Time is running out for realistic climate commitments, warns the Climate Change Committee (CCC).
In two progress reports published today (June 23), the Committee has offered its appraisal of progress on the challenges of cutting emissions to Net Zero and adapting to the climate risks facing the UK.
The government has made various historic climate promises in the last year, notably pledging to reduce emissions by 78% by 2035.
However, the committee has warned that the government has been too slow to follow these plans with delivery.
The report highlights that the public has not been informed or engaged in the changes that lie ahead. It is therefore critical that a new strategy is published ahead of COP26, with clear policy plans that are backed fully by the treasury.
The authors state that this must also be accompanied by a commitment to prepare the country for the serious climate risks facing the UK.
Lord Deben, Chairman of the Climate Change Committee said: ‘We are in the decisive decade for tackling climate change. The Government must get real on delivery. Global Britain has to prove that it can lead a global change in how we treat our planet. Get it right and UK action will echo widely. Continue to be slow and timid and the opportunity will slip from our hands. Between now and COP 26 the world will look for delivery, not promises.’
Friends of the Earth’s policy head Mike Childs commented on the report: ‘The committee’s criticisms are spot on. Without a detailed strategy for combatting the climate crisis, the government promises to decarbonise the economy are simply more hot air.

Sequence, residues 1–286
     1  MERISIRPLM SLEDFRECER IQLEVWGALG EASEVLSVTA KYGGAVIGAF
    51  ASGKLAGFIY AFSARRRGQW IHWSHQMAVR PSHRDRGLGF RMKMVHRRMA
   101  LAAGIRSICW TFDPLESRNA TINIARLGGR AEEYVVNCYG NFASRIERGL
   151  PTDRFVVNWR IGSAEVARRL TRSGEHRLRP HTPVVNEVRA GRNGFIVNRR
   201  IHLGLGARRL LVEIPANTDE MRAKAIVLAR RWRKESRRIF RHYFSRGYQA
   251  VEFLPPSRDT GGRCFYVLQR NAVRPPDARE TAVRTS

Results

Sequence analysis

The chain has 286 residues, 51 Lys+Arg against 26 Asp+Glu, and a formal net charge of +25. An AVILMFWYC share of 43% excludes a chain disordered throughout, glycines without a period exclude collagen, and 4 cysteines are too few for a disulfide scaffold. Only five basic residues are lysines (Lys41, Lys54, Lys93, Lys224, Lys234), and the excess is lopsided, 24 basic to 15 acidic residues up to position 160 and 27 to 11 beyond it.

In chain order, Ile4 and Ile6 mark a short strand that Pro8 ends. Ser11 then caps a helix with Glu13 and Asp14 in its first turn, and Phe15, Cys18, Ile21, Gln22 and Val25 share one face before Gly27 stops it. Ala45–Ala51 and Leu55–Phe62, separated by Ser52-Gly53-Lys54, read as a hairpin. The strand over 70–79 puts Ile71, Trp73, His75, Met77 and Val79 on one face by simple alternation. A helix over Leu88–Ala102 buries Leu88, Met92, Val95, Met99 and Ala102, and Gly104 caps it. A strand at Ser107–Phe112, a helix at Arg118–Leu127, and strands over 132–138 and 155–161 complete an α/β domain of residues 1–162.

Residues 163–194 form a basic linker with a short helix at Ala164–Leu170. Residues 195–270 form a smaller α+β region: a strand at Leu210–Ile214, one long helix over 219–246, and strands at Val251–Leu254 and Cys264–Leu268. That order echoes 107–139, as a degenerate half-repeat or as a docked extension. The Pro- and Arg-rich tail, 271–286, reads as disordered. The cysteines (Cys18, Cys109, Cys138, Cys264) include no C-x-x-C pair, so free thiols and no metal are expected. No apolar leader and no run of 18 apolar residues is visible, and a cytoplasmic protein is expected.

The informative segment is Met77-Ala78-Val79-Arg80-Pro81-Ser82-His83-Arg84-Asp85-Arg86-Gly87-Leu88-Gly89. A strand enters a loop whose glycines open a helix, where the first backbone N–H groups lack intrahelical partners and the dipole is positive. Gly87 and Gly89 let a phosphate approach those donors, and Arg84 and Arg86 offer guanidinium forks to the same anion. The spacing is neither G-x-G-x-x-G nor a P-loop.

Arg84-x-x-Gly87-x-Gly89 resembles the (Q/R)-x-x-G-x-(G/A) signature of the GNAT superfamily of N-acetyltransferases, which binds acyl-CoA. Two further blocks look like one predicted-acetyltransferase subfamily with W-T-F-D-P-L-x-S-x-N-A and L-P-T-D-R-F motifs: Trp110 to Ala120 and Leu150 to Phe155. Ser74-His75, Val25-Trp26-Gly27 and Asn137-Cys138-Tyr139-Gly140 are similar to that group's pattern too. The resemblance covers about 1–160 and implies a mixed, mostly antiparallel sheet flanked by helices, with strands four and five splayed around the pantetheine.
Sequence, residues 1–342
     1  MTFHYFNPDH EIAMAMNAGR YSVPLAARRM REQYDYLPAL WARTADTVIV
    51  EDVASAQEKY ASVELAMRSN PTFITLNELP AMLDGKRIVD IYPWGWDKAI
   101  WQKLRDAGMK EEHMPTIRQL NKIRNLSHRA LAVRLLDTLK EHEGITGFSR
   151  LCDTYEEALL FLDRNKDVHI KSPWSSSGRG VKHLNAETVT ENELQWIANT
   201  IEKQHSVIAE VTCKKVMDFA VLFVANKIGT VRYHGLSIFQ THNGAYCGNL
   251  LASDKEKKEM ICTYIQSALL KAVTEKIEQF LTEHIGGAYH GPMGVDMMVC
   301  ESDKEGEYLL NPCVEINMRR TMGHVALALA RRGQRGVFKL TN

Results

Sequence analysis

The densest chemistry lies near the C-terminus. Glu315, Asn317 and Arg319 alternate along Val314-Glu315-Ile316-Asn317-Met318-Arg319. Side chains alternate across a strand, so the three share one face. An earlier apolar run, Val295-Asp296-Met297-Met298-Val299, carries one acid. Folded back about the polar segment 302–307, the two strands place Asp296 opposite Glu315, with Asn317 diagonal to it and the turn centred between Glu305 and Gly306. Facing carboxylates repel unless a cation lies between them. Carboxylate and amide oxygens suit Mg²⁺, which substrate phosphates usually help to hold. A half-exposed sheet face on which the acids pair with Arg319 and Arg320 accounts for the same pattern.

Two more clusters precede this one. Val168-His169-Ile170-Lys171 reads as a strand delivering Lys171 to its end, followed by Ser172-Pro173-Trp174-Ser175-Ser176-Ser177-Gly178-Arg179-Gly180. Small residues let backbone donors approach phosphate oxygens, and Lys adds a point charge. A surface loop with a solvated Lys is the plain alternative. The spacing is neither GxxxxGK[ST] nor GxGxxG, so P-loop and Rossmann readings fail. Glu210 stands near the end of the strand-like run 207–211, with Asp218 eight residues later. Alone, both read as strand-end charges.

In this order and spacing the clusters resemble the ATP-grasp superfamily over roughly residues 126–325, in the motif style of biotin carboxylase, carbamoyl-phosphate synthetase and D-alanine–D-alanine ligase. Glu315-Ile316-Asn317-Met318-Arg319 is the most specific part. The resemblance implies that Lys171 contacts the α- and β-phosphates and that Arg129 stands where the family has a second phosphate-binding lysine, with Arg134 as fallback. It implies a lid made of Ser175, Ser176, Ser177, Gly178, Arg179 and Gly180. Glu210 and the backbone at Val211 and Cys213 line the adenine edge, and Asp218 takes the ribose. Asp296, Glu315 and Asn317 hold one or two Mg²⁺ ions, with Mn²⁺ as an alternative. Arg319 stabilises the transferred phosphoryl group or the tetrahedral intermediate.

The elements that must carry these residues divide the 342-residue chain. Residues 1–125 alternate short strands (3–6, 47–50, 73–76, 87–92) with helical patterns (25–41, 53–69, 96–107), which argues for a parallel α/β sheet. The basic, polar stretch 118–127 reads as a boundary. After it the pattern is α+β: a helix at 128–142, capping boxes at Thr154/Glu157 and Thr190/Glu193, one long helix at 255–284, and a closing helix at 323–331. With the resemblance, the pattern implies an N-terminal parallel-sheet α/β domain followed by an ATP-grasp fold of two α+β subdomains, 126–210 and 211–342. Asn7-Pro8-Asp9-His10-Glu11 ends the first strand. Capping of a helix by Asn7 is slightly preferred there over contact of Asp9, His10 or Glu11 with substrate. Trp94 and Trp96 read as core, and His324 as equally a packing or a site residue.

‘The Prime Minister must urgently set out his government’s blueprint for slashing emissions in key areas such as homes and transport. With no climate action plan and his government’s support for more roads, runways and an overseas gas mega project, Boris Johnson risks being a laughing stock at the UN climate summit in Glasgow later this year.
‘The Chancellor’s role in delivering net zero is crucial – unfortunately, this year’s Budget did little to demonstrate the Treasury’s enthusiasm for building back greener.
‘It’s time to seize the new jobs and other opportunities that developing a green economy will bring or be left dealing with the fall-out of more floods, wildfires and droughts in a climate crisis spinning rapidly out of control.’
Photo by Markus Spiske